Foreign bodies in the urinary bladder are generally introduced via the urethra, through a puncture or migration from neighbouring organs. It is essential to consider foreign bodies in the urinary bladder as a rare cause of pain and inflammation in the bladder region (1, 2).
A boy of primary school age from an African country was referred to the paediatric outpatient clinic soon after his arrival in Norway. It emerged that two years previously, he had been seriously injured by a bomb explosion in his home country. Following this accident, he had severe pain when urinating and passing stools. He was unable to lie on his back and generally slept sitting up. According to his father, an ultrasound examination had detected ‘bladder stones’ in the boy as a refugee in a neighbouring African country, but he had not received treatment.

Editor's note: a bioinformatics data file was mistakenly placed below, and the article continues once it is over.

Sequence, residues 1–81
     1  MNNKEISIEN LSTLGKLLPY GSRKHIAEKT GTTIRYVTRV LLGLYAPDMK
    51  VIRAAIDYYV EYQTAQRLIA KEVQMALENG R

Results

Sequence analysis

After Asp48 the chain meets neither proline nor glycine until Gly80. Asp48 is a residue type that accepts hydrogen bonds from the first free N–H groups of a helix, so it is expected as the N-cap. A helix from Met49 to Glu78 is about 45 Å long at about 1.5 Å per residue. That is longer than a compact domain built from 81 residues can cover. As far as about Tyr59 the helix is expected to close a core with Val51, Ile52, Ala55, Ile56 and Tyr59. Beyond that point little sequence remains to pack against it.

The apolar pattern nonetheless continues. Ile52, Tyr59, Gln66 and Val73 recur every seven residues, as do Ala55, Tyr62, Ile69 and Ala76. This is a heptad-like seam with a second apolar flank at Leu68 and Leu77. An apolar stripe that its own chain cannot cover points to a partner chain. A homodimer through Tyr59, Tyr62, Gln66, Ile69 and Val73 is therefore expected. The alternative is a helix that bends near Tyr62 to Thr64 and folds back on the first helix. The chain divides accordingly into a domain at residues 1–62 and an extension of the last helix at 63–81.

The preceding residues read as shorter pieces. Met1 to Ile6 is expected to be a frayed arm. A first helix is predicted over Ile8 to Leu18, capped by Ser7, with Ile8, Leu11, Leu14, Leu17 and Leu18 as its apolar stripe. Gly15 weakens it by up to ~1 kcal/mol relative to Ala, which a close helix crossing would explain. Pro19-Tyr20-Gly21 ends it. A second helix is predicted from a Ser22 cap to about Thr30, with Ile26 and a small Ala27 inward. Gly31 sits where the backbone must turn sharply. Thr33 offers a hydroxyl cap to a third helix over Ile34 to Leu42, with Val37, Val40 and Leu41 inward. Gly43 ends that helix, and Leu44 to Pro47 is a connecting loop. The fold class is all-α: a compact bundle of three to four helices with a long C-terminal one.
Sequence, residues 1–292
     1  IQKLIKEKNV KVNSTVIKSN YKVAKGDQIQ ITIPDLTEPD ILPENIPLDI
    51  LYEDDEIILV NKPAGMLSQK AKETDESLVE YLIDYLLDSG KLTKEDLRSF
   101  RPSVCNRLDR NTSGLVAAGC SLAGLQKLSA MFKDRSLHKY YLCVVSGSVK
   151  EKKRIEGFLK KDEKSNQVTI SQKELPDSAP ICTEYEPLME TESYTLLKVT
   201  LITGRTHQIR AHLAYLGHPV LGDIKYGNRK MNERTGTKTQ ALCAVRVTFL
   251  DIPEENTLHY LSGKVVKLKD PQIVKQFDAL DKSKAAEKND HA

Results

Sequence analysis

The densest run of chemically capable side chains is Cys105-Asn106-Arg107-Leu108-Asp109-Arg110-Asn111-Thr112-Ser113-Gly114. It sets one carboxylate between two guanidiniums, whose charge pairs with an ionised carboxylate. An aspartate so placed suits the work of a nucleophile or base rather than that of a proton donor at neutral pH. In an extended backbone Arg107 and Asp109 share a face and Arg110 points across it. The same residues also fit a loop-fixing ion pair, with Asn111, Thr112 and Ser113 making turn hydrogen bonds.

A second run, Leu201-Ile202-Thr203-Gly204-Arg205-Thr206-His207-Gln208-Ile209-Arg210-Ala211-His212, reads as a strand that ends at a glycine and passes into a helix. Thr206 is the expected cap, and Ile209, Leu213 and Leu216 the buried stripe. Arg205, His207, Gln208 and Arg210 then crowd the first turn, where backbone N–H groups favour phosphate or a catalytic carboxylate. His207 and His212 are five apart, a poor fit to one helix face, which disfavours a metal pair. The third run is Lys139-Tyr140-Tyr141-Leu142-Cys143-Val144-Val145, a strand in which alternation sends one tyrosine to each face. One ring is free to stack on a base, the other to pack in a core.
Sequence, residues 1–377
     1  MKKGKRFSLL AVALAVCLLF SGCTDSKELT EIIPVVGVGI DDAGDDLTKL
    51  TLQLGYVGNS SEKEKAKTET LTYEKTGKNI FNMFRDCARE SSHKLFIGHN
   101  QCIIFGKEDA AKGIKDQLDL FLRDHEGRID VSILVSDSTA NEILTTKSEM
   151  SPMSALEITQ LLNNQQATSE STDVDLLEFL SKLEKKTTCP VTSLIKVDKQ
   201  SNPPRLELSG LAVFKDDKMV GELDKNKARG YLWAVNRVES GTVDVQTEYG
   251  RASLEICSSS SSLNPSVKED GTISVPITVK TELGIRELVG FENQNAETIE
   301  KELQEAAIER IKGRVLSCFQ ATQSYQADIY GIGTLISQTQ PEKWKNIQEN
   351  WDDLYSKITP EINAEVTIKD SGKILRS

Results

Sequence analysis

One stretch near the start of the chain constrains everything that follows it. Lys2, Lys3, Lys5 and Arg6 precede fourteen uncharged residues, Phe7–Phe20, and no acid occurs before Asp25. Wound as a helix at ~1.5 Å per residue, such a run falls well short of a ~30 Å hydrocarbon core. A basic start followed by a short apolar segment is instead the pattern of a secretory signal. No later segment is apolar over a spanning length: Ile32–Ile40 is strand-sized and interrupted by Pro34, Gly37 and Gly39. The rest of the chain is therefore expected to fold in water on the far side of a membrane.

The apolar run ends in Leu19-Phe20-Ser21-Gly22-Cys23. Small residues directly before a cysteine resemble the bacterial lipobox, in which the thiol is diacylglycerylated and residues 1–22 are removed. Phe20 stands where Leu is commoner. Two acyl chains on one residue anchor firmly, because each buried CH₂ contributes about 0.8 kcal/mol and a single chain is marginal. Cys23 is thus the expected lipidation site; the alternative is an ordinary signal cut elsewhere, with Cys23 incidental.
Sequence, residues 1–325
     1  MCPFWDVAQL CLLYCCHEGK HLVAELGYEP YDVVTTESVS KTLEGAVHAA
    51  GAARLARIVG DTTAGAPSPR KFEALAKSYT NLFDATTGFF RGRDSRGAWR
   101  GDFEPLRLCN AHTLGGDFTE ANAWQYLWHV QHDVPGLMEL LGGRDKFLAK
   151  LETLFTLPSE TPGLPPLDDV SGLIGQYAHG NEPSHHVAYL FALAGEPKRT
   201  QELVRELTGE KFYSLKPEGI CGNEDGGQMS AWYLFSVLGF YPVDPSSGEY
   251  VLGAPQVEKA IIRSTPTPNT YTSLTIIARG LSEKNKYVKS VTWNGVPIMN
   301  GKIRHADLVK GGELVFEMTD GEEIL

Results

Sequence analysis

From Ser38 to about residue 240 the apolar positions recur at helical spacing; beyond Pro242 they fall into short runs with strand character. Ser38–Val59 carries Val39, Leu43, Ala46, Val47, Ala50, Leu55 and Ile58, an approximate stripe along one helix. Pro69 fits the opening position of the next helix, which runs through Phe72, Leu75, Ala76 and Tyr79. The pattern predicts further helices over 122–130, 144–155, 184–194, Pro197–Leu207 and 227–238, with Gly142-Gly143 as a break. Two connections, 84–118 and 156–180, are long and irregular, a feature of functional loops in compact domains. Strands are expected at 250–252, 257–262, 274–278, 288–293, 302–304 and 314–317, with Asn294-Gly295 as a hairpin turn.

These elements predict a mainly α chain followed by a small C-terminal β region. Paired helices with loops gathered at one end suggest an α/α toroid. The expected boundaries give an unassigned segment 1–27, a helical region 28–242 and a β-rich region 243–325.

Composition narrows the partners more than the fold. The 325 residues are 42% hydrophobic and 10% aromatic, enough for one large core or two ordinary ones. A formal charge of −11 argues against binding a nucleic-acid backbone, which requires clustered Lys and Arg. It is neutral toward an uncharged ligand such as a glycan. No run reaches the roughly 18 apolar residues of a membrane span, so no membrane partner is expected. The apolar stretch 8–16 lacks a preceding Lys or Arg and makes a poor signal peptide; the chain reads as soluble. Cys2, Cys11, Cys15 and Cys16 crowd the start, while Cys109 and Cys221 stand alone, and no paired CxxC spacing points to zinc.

Examination revealed the boy to be in good general condition. A star-shaped scar was visible behind his left thigh, but there was no scar on the abdomen or perineum. He reported pain when supine, but his abdomen was soft. Ultrasound showed a foreign body at the base of the bladder. Pelvic x-ray examination led to suspicion of a large metal fragment in the bladder (image on left).
The patient underwent a cystotomy, where a 3.5 × 2 cm large, yellow-coloured foreign body was found that proved to be a metal splinter covered in coral-like calcification (image on right). Most likely, the splinter had entered the bladder as a projectile via the entry point behind the left thigh (2).
The postoperative course was uncomplicated. The patient’s pain when urinating receded immediately after the surgery, and he was able to sleep lying down.